How Kansas City Residents Can Avoid Falling For Bad Information About Coronavirus
Media experts say better news literacy was needed before the recent outbreak of the COVID-19 virus. But the rapid spread of misinformation along with the disease itself, they say, has created a different kind of pandemic.
KCUR is tracking the latest coronavirus developments in the Kansas City region on our live blog. But we also wanted some answers for how you can avoid misinformation online during these unsettled times.
The answers we got are condensed from a discussion led by KCUR’s Gina Kaufmann which originally aired Monday, March 16, on our talk show “Special Coverage: Coronavirus In KC," which airs daily at 9 a.m. on KCUR.
1. Watch out for scams
Lisa McLendon, a professor at the William Allen White School of Journalism at KU, says much of the false information she is seeing spread online is coming from those wanting to promote their own pills, health programs and unproven cures for profit.
And the uncertainty and panic people are feeling can leave them more susceptible than usual to these types of scams.
“Everybody is concerned about health. Not a lot of people in the grand scheme of things are super into politics, but everybody cares about their health. And so there's a lot of bad health information out there,” said McLendon.
Myths about the virus have snowballed in recent weeks. KCUR health reporter Alex Smith said the most dangerous has been the spread of the idea that the novel coronavirus is no different than the seasonal flu.
“There have been a lot of politicians and other critics who've been saying otherwise and really undermining some very important messages and actions from health experts and local leaders,” said Smith.
2. Check a post’s source
The virus is considered so new that scientists are still trying to understand it. While there has been a lot of research done in just the past three months, information about the virus is still limited.
Despite this, there has been an influx of emails and social media posts from people claiming to have inside information or special knowledge about the virus.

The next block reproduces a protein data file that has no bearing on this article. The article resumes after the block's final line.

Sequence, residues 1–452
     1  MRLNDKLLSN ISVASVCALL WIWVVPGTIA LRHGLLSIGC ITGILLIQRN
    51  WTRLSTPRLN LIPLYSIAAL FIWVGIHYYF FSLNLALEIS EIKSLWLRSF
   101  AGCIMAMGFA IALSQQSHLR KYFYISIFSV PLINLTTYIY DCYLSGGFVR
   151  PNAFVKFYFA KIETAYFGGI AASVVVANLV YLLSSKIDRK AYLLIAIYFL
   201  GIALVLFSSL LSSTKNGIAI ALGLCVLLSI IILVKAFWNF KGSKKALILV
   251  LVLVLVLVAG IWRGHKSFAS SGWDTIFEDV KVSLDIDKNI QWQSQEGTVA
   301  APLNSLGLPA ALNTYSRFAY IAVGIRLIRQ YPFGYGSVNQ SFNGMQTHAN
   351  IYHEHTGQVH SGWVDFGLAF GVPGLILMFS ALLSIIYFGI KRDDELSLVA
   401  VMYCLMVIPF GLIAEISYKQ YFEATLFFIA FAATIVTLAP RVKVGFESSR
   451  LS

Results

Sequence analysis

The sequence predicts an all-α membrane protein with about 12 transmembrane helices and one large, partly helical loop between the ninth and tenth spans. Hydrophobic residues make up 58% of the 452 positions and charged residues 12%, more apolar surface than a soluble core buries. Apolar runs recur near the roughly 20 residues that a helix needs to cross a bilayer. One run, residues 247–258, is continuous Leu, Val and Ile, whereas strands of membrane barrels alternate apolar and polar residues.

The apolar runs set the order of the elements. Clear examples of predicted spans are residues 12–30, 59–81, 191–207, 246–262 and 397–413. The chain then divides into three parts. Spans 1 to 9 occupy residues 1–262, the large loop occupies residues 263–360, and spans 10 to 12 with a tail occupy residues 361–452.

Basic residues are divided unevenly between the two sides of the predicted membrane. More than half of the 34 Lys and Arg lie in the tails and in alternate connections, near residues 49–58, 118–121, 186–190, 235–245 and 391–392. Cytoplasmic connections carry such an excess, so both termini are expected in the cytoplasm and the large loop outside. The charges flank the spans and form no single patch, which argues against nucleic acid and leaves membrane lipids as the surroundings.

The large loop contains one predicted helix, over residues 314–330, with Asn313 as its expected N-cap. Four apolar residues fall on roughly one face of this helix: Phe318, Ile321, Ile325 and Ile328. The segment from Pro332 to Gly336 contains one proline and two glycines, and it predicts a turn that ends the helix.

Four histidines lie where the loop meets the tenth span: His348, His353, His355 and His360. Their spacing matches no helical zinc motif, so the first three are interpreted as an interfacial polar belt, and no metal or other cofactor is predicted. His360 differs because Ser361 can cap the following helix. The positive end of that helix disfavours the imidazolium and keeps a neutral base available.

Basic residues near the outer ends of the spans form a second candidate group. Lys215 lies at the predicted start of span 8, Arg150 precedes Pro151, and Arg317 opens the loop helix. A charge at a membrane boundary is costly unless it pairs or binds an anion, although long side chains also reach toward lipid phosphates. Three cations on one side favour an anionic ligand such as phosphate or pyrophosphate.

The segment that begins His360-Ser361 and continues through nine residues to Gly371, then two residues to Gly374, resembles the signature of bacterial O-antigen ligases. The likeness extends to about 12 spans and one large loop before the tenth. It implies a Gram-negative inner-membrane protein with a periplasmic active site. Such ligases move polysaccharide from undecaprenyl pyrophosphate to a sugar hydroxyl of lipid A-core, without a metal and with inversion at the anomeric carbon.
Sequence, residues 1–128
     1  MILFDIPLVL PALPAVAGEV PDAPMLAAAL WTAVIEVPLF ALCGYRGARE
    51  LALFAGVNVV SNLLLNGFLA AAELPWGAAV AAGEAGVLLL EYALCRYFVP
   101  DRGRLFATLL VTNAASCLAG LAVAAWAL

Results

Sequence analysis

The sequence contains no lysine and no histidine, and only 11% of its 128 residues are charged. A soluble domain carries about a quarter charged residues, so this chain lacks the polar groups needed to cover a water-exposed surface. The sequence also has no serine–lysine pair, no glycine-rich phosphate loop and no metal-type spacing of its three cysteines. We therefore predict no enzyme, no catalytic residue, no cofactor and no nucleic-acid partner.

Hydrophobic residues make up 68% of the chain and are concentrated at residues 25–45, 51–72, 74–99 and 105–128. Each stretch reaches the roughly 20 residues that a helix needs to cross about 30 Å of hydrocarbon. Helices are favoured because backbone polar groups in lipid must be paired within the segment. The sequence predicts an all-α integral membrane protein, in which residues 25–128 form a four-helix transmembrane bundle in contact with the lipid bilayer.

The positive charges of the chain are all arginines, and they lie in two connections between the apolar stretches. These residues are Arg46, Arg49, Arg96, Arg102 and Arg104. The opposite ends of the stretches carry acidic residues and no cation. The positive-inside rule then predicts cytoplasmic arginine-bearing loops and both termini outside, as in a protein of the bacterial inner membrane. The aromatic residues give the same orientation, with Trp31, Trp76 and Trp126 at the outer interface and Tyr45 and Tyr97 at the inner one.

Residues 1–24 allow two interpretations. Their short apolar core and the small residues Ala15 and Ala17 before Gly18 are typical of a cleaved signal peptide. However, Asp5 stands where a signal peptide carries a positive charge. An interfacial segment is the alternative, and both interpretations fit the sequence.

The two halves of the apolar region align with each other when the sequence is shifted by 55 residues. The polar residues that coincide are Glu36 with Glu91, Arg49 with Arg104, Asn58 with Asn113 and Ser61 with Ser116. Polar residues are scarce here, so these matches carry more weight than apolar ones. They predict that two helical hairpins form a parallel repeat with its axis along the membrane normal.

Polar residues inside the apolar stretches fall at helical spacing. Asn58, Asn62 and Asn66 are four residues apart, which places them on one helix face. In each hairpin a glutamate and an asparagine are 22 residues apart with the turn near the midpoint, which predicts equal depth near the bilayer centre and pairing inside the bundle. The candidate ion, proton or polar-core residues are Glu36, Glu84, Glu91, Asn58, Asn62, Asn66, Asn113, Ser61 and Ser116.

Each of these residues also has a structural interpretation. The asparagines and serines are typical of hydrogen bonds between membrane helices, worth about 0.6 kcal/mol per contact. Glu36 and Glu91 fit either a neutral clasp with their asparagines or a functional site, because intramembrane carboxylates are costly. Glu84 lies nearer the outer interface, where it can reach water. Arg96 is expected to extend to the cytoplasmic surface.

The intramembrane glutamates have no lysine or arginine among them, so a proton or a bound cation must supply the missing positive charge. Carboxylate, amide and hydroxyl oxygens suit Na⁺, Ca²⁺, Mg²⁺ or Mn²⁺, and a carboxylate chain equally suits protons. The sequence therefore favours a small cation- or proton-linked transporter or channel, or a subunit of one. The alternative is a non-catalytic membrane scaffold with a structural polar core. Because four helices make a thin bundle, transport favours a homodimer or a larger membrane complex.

KCUR’s Smith said if it seems too good to be true, it probably is.
“Unless you know the source and you know it's coming from doctors or researchers, honestly, none of that is worth paying attention to,” said Smith.
Consumers should also keep an eye out for attributions when reading a story online. If there is a number quoted, it should say where it came from. If not, that’s a red flag.
“If somebody just throws out a statistic with no attribution, it may be sloppy, but it may also be wrong,” said McLendon of KU.
She also said to make sure these sources are reputable, like a government agency or trusted media outlet. These organizations are already required to fact-check any information they put out.
3. Double-check links and pictures
McLendon says fact-checking links online before you share them is key to preventing the spread of misinformation. She says consumers should be asking themselves hard questions when reading stories online.
“Like, where did this originally come from? Who says this? And if we don't know who says it, don't believe it,” said McLendon.
If you know who shared the article, make sure they have the right qualifications. For example, a plastic surgeon or psychiatrist will not have the knowledge of someone with a background in public health to talk about infectious disease.
There are also tools online that consumers can use to check out links. Images like memes are often reused or taken out of context. Using Google to do a reverse-image search can be used to verify the origin of an image and may help you assess its credibility.
“This is really good for pictures that get circulated that say, ‘Oh my gosh, you know, here's patients stacked up in the hallway of a hospital in Italy,” said McLendon. “You can save that picture and do a reverse image search and find out that, no, actually it's from five years ago when there were floods in India.”
4. Call out misinformation when you see it
If you see something in your network that raises any red flags, McLendon said it’s your responsibility to be that person who fact checks your friends.
“It's a little awkward to do that and your friend might get mad at the beginning, but it's really good to let people know that they're spreading something that is wrong that could be potentially harmful for people,” she said.
It may be as simple as letting someone know that the story they shared has been debunked by a fact-checking site, or the image they posted is misleading.
Jodi Fortino is a news intern at KCUR.